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Do You Have a Drunken Monkey Mind?

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Do You Have a Drunken Monkey Mind?

Have you ever felt as if your mind was driving you crazy? Does the chatter in your head go on endlessly? Meditation appears to be a simple answer to this: just calm the mind and pay attention to the present. Then how come it is not so easy? My thoughts are driving me mad! My mind will not be quiet! I can’t relax! Sound familiar?

The mind is notoriously resistant to being quiet, so as soon as we sit still it seems to do everything it can to distract us. Habitual thinking kicks in and within a few minutes an internal dialogue takes over, the body starts to fidget, or trivial things that need to be done suddenly appear vitally important. The mind has often been compared to a “drunken monkey bitten by a scorpion.” Just as a monkey leaps from tree to tree, so the mind leaps from one drama to another, constantly distracted.

When we start to meditate we then find all this chaotic activity going on and it seems so noisy that we believe that we cannot possibly be still. Actually, it is simply because we are now becoming aware of the noise, whereas before we were so immersed in it we were unaware that such chatter was so constant.

In our book, Be The Change, Professor Robert Thurman says: “The first step is to try to focus our mind on something, like counting the breath. When we do, we see all these runaway thoughts that race through the mind, like I wonder when my car will be ready, is my parking meter overdue, will I get a ticket, is my girlfriend happy? Our minds are filled with these preoccupations, and we do not even realize it. But we can just let them go and bring the mind back to something we do want to focus on. This is a beginning, calming, waking-up step. But more important is to choose positive thoughts to focus on, such as I want to be more loving to that person who annoys me, I want to be more content, I want to be more friendly, peaceful, happy, and I no longer need to suffer.”

Having a busy mind is very normal. Someone once estimated that in any one thirty-minute session of meditation we may have upward of three hundred thoughts. After years of distraction the mind is not always so ready to be quiet. We cannot suddenly turn our thinking off; that would be like trying to catch the wind. But having a busy mind does not mean we cannot meditate, it just means we are like everyone else. What we can do is make friends with our mind, thereby changing it from being an enemy to our ally.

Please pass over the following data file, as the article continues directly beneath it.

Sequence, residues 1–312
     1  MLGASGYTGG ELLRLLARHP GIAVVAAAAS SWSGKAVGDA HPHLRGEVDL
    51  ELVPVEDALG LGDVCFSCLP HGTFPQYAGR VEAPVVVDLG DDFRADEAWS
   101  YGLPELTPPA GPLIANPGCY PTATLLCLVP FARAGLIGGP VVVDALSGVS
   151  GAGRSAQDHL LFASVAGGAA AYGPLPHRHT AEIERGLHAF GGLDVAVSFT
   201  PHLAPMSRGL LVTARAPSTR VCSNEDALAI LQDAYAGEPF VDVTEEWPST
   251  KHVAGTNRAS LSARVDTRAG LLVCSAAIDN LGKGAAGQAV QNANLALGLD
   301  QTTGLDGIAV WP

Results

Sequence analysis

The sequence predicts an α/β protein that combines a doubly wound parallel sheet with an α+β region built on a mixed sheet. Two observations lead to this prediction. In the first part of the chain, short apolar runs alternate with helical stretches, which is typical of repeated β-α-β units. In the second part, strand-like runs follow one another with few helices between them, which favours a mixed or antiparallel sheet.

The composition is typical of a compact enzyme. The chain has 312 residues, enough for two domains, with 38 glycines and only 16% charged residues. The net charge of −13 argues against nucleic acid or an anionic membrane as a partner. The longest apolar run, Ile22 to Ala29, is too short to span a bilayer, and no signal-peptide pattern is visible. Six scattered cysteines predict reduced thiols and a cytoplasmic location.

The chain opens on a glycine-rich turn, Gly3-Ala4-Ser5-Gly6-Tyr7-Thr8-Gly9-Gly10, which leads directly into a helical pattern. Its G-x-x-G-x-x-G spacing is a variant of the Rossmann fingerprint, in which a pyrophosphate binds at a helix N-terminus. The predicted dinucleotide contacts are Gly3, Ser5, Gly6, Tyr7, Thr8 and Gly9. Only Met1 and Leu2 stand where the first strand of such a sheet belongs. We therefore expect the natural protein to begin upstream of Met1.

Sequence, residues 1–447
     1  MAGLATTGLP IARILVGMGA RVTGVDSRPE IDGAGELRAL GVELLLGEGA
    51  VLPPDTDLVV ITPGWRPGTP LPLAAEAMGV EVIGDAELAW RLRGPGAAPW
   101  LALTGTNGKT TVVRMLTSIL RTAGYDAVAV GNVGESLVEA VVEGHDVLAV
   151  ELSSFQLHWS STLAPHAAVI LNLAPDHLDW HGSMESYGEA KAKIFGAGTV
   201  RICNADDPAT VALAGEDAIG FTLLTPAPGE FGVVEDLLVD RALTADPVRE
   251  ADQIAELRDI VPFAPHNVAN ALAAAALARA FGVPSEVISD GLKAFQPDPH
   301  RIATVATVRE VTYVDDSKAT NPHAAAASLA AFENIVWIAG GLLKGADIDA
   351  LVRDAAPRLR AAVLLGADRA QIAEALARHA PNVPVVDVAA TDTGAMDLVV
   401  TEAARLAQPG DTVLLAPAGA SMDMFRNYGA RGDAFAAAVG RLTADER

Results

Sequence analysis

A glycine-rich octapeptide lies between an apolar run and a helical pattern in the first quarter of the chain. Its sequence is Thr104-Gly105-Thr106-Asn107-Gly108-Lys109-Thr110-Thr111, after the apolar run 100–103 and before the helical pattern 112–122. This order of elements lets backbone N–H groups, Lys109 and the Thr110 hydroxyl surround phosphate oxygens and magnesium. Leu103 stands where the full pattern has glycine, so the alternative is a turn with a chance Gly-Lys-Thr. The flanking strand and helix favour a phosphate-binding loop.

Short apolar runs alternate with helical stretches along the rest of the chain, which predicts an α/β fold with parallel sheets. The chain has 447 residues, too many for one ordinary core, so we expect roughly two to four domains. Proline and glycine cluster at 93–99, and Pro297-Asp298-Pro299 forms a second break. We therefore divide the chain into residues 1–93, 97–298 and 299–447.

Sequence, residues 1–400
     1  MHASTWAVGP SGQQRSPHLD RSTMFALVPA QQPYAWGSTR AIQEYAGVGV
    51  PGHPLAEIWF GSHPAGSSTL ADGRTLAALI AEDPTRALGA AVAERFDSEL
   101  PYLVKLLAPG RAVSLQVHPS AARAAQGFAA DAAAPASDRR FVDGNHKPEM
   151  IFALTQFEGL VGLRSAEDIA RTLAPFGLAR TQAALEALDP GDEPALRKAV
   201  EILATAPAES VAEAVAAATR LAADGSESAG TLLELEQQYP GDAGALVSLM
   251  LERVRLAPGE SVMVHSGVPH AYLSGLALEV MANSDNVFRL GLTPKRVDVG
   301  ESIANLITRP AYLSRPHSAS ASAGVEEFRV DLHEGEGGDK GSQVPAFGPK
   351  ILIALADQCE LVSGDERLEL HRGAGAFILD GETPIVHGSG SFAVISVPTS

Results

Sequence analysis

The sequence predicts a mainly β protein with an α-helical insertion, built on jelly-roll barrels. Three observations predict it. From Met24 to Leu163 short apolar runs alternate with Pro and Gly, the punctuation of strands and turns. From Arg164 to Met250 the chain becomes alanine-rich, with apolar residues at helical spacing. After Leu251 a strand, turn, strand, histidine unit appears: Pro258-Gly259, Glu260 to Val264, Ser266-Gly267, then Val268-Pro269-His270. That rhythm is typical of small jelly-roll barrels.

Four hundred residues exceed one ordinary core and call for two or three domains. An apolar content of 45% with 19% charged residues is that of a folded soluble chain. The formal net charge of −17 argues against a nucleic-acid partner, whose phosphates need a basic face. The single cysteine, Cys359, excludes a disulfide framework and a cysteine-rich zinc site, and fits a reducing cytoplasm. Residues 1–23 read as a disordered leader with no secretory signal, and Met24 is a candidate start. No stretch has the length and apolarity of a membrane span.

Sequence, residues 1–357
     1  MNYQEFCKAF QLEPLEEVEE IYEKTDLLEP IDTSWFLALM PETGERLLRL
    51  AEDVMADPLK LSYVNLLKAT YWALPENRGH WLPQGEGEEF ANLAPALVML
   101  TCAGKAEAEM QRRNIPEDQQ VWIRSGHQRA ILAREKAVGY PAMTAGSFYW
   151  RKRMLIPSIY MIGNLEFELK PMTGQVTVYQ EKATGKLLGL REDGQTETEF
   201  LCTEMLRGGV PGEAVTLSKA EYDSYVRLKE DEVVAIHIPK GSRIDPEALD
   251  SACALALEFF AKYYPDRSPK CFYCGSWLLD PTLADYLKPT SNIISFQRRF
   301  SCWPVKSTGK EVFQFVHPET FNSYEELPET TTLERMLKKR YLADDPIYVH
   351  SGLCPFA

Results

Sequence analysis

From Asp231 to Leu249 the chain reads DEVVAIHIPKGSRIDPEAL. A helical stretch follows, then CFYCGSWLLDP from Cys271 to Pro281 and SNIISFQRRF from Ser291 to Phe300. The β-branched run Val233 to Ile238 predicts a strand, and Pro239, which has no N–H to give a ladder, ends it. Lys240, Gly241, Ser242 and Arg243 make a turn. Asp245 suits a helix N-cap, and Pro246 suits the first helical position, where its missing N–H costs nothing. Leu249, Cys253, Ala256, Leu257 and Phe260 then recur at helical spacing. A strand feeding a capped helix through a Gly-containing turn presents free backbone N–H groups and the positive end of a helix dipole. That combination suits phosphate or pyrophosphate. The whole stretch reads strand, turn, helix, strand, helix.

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Ed and Deb Shapiro

You can learn more in our book, Be The Change: How Meditation Can Transform You and the World, forewords by the Dalai Lama and Robert Thurman, with contributors Marianne Williamson, Jane Fonda, Ram Dass, Byron Katie and others. Our 3 meditation CD’s: Metta—Loving kindness and Forgiveness; Samadhi–Breath Awareness and Insight; and Yoga Nidra–Inner Conscious Relaxation, are available at:


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2:22AM PDT on May 13, 2012

A buddhist monk in Wimbledon taught me this in 2004 and then that was reinforced by a hypnotist a couple years later.
I can now go off into meditation in noisy places

4:06PM PDT on May 11, 2012

Brilliant :) I have this trouble at night when I'm trying to sleep. I'll be counting my breaths from now on :)

12:20PM PDT on Oct 25, 2011


6:42AM PDT on Oct 15, 2011

Yes ... I find the biggest challenge the sticking to it until the monkey is tamed - just seem to get there and then take a break from practice and, what do you know, there's that monkey back in my mind!

7:41PM PDT on Oct 14, 2011


7:26AM PDT on Oct 13, 2011

Thanks. Great article!

1:36AM PDT on Oct 13, 2011

I tend to distract my drunken monkey with counting things, maybe I can try to make it count breaths and then just concentrate on the breathing... I shall give it a go!

7:58PM PDT on Oct 12, 2011

stressed nursing student....I think the drunken monkey took my mind.....This too shall pass....I hope

6:07PM PDT on Oct 12, 2011

my minds the same, monkey minds as they say. Im so stressed i cant focus clearly or think on anything, or see the wood for the trees most of the time. It drives me mad. Its cos i cant relax, i cant even relax to practice meditating. Hell!

1:44PM PDT on Oct 12, 2011

My mind is not like a drunken monkey, it's more like a over-stressed monkey trying to get drunk in New Year's Eve before the end of the world.

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Disclaimer: The views expressed above are solely those of the author and may not reflect those of
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